“A GLORIOUS Way To DIE” The Kamikaze Mission of the Battleship Yamato, April 1945. By Russell Spurr. The Yamato was the biggest and most powerful battleship ever built. Assembled in intense secrecy at a specially prepared dock to hide her construction, the massive 72,000-ton Japanese warship was commissioned in December 1941, just over a week after the start of the Pacific war. Yamato housed nine, 18-inch guns in three giant turrets. She could fire 3,200 pound armor piercing shells, out-gunning even America’s best; the Iowa-class battleships. Yamato’s armor protection was also unsurpassed. With a crew of 2,700 men and just over 862 feet long, the battlewagon quickly became the pride of the Imperial Japanese Navy—and a top priority target for the U.S. Navy. She was torpedoed by the American submarine USS Skate (SS-305) in December 1943 but failed to sink. At the Battle of Leyte Gulf in October 1944, Yamato unleashed her big guns in an engagement with U.S. escort carriers and destroyers off the island of Samar. As the Pacific war pushed on to conclusion, the Japanese sent Yamato on a one-way kamikaze mission in April 1945. Yamato was to hurl herself at the invading Allied vessels at Okinawa and destroy as many ships as possible. Russell Spurr tells the true story of the mightiest battleship to ever go to sea, from Yamato’s launching to the disastrous sinking at the hands of the Allies in 1945. Of about 3,300 crew members, only 276 survived the sinking. Hardback edition with dust jacket. 341 pages with 37 historic black and white photos, maps, 2 diagrams of Yamato and index. Prior owners name inside the front cover.
Good Cond. $15.88
“This is a wonderful book which reconstructs the last mission of the super-battleship Yamato with great clarity and attention to detail. Spurr has also devoted many pages to the collateral action taking place after the US landings on Okinawa, like the kamikaze strikes against the US naval armada and the futile trials of Japanese submarines to hit the invaders. The air strikes against the Yamato and its group of accompanying ships are perfectly explained along with details of all the possible hits attained against the battleship. The author interviewed many Yamato survivors and these men revealed also some annoying piece of information: after the battleship’s demise, US fliers made low firing passes against the Japanese survivors, a nasty gesture surely for a gallant foe. I really enjoyed the chapter where Spurr presents admiral Mitscher’s tactical dilemma and the way he chose to solve it. A very nice book about a forgotten episode of the Pacific War.” – Dimitrios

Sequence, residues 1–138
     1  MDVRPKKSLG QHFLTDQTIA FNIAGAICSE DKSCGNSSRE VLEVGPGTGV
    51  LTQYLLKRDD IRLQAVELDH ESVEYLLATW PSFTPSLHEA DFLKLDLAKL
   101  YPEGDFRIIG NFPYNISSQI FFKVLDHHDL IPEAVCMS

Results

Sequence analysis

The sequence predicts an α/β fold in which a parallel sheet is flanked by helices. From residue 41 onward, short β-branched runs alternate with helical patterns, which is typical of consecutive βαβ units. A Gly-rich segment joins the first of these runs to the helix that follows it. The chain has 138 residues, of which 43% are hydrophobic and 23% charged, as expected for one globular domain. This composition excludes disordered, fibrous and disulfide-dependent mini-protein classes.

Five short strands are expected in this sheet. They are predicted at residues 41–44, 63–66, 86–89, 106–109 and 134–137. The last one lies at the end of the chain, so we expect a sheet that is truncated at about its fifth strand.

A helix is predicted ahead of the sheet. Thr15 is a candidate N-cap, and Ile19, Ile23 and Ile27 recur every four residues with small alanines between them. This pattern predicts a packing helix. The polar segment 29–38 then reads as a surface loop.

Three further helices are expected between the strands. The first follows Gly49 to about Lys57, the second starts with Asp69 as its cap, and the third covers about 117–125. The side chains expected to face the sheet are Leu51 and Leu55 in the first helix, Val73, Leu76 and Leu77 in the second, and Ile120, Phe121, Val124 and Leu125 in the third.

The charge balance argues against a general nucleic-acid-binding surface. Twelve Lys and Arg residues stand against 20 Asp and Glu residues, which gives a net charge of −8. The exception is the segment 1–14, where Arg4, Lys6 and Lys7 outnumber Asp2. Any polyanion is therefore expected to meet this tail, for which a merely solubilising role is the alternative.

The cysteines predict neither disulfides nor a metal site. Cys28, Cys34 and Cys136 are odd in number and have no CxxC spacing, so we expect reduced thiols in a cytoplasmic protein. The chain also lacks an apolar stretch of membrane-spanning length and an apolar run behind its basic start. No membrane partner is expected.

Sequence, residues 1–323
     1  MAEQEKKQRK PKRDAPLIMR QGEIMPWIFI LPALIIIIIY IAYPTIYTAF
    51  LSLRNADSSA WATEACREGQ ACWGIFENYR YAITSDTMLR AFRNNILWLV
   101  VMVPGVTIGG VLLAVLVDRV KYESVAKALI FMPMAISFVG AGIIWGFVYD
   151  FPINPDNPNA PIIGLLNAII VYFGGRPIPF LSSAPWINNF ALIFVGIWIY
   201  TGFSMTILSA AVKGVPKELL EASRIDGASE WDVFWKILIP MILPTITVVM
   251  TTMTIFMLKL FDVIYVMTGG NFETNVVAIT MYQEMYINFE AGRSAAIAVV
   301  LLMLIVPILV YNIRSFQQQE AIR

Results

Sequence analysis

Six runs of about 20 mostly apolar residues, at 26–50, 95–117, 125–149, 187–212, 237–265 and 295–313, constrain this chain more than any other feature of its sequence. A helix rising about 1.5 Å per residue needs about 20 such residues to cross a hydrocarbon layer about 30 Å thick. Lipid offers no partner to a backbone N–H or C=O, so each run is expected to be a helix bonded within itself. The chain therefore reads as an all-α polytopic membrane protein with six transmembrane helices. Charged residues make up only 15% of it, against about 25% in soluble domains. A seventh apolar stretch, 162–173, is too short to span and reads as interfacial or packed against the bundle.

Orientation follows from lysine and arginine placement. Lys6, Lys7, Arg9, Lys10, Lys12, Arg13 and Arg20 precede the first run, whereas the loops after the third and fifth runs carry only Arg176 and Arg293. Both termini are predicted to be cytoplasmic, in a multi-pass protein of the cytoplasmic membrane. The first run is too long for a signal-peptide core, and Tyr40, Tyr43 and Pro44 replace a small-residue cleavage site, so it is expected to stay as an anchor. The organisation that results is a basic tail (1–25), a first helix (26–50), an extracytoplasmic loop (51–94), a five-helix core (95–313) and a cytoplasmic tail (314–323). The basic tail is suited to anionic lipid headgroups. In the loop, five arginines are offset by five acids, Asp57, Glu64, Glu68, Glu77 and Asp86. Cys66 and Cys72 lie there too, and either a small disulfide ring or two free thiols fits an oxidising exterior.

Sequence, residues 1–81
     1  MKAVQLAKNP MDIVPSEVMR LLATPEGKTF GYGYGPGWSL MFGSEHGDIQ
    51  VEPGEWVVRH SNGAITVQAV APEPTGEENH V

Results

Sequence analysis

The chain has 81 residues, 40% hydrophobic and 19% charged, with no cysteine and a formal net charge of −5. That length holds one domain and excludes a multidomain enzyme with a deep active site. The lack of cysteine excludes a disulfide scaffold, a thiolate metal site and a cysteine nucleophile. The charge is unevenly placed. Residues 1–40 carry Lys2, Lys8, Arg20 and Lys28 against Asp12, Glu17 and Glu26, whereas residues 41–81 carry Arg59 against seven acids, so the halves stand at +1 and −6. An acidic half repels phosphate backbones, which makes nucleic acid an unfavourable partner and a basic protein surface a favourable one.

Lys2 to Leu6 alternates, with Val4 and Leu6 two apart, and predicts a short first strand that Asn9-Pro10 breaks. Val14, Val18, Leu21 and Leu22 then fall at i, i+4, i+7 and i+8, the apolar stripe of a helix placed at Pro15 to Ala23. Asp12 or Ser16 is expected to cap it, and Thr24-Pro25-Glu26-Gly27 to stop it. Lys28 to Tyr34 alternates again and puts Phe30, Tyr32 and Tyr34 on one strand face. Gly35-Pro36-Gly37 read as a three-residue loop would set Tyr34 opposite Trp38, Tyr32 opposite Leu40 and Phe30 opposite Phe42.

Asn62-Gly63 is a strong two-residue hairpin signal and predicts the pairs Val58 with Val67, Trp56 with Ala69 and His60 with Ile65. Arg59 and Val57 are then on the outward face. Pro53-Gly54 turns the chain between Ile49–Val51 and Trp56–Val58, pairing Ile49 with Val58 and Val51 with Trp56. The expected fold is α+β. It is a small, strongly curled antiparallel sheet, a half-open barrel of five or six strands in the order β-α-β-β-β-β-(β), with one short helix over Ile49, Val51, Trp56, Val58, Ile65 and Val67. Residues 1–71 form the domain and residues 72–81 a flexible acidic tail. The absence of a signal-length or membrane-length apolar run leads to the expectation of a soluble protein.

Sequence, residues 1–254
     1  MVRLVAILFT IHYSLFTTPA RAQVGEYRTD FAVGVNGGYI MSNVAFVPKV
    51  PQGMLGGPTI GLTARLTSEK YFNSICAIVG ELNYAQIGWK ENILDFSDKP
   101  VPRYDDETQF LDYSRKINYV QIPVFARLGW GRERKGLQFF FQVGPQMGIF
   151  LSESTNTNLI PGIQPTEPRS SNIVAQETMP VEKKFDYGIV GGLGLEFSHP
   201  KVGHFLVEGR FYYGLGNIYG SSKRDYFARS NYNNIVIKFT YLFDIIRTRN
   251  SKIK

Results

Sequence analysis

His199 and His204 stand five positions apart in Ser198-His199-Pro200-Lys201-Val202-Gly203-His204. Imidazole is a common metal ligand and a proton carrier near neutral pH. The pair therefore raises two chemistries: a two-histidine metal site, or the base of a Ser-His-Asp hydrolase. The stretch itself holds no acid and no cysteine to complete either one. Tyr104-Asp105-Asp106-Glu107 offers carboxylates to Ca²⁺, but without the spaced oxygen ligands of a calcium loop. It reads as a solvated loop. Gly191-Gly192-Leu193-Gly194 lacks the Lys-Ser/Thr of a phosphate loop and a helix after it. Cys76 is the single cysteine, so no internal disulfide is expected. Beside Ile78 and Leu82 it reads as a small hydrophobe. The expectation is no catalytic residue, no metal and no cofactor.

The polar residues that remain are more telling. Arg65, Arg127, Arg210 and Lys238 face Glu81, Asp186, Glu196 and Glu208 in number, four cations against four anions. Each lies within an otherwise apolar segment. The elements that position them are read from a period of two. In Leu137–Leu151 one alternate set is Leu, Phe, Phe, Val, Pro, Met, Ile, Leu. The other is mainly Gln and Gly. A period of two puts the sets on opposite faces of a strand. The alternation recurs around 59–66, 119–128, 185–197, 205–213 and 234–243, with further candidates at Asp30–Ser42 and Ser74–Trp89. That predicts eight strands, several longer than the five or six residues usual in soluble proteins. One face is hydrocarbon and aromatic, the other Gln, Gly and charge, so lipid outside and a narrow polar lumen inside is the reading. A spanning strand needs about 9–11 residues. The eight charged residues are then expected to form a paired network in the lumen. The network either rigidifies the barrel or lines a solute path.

“The Yamato Battleship is one of those topics that never ceases to attract interest. Like the German Bismark, this ship was a victory of propaganda, pride of the nation and as such, too risky to loose. So many resources were put into this massive project from such a small nation as Japan. It was a technological masterpiece. The largest battleship ever built, the Yamato only fired its massive 18” guns once in anger, during the battle of the Philippine Sea—a battle which the Japanese almost won, but snatched a loss from the jaws of victory. The last voyage of the Yamato was a suicide trip, a desperate measure from a nation desperate to delay the inevitable loss of the war. At the time it was built, neither the Japanese nor the US Navies realized that the Aircraft Carriers would be the decisive ships of the war. I highly recommend this book because it gives the story from the Japanese perspective. Everyone knew it was a suicide trip, yet all were committed to die with honor for their Emperor. It is important to read and understand the other side’s view of what happened in history, and this book does just that. This is not a book for those seeking technical information about the Yamato, but rather creates a “you-were-there” picture.” – Cpt Matt
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